Columbus area

    Franklin Park Conservatory Combining art and nature is the specialty at this Columbus conservatory built in 1895. Dale Chihuly glassworks brighten the plant collections, which include Himalayan mountains, tropical rainforest, desert, bonsai, and cloud forest. And the Victorian-style palm house not only has 43 species of palms but is a light show itself, with computer-controlled LED show beginning at dusk. (614) 715-8000; fpconservatory.org

    Dawes Arboretum Eight miles of trails criss-cross 1,800 acres in Newark, 20 miles east of Columbus. Conifers of all sizes stand out against the snow on 14 acres near Dawes Lake. Climb the 36-foot-tall outlook tower to see how well the Hedge Lettering stands out in winter snow. You'll have to see what it says yourself. (740) 323-2355; dawesarb.org

  • More Ohio gardens

    Cox Arboretum MetroParks Staff encourages people to get out and cross-country ski the 2.5 miles of trails through woodlands and meadows at this Dayton destination. From the observation deck of the tree tower, get a panoramic view of the conifer collection and the rest of the 189 acres. (937) 434-9005; metroparks.org/parks/CoxArboretum

    Holden Arboretum (pictured) This 3,600-acre arboretum in Kirtland is one of the largest in the states; much of it is preserved in a natural state best enjoyed via skis, hike or snowshoe. (440) 946-4400; holdenarb.org


  • South Dakota gardens

    The Mary Jo Wegner Arboretum and East Sioux Falls Historic Site These newly opened 145-plus acres in Sioux Falls showcase trees, shrubs and gardens against the remains of the old quarry town known as East Sioux Falls. Explore the grounds on cross-country skis. (605) 274-7114; maryjowegnerarboretum.com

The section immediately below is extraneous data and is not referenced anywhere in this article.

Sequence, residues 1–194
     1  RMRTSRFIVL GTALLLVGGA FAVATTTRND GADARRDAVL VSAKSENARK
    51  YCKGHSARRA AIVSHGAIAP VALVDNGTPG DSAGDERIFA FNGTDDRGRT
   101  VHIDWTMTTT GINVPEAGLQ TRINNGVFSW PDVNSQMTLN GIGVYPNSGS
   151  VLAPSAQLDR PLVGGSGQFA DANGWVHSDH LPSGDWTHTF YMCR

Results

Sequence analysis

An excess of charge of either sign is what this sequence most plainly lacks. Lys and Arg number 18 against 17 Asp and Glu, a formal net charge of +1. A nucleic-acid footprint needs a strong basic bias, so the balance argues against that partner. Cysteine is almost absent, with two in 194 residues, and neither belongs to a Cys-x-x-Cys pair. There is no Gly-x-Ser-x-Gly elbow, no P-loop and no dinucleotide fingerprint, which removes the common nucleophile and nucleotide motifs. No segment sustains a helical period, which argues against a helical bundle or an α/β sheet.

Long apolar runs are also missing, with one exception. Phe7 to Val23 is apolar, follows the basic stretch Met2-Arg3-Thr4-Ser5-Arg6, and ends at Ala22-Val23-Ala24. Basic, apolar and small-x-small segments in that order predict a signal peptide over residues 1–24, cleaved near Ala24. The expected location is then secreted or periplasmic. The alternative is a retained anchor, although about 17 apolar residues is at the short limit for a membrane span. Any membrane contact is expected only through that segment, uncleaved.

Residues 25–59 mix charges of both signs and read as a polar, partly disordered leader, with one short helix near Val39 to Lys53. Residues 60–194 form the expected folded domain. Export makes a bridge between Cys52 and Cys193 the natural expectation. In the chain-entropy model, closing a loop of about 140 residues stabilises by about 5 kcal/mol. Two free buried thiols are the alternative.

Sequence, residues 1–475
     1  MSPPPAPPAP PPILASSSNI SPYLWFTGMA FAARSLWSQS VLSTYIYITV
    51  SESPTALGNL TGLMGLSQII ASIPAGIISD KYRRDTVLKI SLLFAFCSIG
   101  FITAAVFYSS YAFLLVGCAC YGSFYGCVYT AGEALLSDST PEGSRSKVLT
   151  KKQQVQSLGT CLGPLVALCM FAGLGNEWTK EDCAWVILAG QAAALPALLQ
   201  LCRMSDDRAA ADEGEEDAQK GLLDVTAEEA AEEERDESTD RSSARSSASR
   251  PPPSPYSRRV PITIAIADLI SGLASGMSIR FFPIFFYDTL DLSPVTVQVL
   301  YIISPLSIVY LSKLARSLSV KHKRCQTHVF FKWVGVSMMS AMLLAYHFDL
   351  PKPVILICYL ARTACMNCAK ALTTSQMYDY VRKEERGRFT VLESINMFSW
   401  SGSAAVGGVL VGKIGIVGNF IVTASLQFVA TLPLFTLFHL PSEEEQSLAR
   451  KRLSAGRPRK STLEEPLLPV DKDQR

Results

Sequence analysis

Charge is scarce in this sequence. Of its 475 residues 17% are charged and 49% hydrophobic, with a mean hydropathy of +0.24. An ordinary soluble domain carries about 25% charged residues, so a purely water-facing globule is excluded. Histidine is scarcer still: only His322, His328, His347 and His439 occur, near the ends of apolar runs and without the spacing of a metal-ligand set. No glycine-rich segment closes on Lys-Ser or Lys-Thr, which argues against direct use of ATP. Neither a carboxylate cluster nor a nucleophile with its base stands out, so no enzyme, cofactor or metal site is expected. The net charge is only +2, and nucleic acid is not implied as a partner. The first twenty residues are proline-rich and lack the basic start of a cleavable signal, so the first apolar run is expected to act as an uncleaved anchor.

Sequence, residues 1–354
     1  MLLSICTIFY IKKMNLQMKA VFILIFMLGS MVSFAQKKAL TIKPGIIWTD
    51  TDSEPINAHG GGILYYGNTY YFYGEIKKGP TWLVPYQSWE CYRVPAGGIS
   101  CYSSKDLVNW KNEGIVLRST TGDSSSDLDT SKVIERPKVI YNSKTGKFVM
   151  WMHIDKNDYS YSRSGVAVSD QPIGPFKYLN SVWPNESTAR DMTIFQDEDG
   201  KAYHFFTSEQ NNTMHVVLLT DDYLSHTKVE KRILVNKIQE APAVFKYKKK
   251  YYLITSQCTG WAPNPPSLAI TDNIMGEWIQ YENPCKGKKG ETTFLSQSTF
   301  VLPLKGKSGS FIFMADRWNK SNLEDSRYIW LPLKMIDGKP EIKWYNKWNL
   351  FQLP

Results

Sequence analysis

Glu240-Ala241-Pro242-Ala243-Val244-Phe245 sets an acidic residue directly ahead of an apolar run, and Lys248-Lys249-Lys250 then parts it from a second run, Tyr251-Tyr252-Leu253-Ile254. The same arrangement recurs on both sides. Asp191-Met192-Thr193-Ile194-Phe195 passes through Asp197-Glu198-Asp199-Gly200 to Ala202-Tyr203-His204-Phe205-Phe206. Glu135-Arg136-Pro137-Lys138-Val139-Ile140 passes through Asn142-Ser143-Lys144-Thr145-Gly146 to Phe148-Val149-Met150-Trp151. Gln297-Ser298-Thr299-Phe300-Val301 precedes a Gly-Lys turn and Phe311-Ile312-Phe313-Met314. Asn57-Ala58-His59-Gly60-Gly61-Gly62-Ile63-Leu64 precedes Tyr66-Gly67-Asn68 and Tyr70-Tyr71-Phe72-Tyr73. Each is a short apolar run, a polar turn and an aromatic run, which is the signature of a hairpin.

McCrory Gardens and South Dakota Arboretum (pictured) Explore South Dakota's landscape on the 40-acre arboretum, where visitors can ski and snoeshow. Operated by South Dakota State University, in Brookings. (605) 688-6707; sdstate.edu/ps/mccrory

    Sertoma Butterfly House Surrounded by tropical flowers, you'll watch as colorful butterflies from around the world flit around Sioux Falls' 3,600-square-foot indoor garden.(605) 334-9466; sertomabutterflyhouse.org



  • Wisconsin gardens

    Green Bay Botanical Garden Tucked in a busy commercial area, the Green Bay Botanical Garden is an oasis of 47 acres of gardens and natural areas. Its annual Garden of Lights show features more than 250,000 lights in botanical-theme displays; dress warmly—it takes about half an hour to walk through the display. (920) 490-9457; gbbg.org

    Mitchell Park Horticultural Conservatory Also called the Domes, these three Milwaukee domes built in 1965 each has a distinct climate accommodating a variety of plant life. The show dome holds four seasonal shows and a holiday show. The Tropical Dome concentrates on fruit-bearing trees, and the Arid Dome showcases plants from the Americas and Africa. (414) 257-5600; milwaukeedomes.org

    Norskedalen Nature and Heritage Center In Coon Valley, Norskedalen is rich in natural beauty and diversity, encompassing about 400 acres of scenic coulee (valley) along Poplar Creek. Ski or snowshoe 6 miles of trails through pine plantations, over a creek, past springs, over wooded hillsides and rocky outcrops of goat prairies, and along the valley floor. (608) 452-3424; norskedalen.org

    Olbrich Botanical Garden (pictured) Exotic plants, flowers, orchids, birds and a waterfall delight in the Bolz Conservatory. The 16 acres of outdoor gardens are beautiful as well in winter, with evergreens, grasses, seed heads and interesting bark. The Thai Pavilion’s gold leaf shimmers against the snow. Paths are cleared of snow so visitors can walk through the gardens. In Madison. (608) 246-4550; olbrich.org

    Schmeeckle Reserve Wildlife abounds at University of Wisconsin-Stevens Point’s 280-acre reserve year-round. Nearly 5 miles of ungroomed trails are open for hiking, snowshoeing and cross-country skiing. Boardwalks cross wetland areas. (715) 346-4992; uwsp.edu/cnr/schmeeckle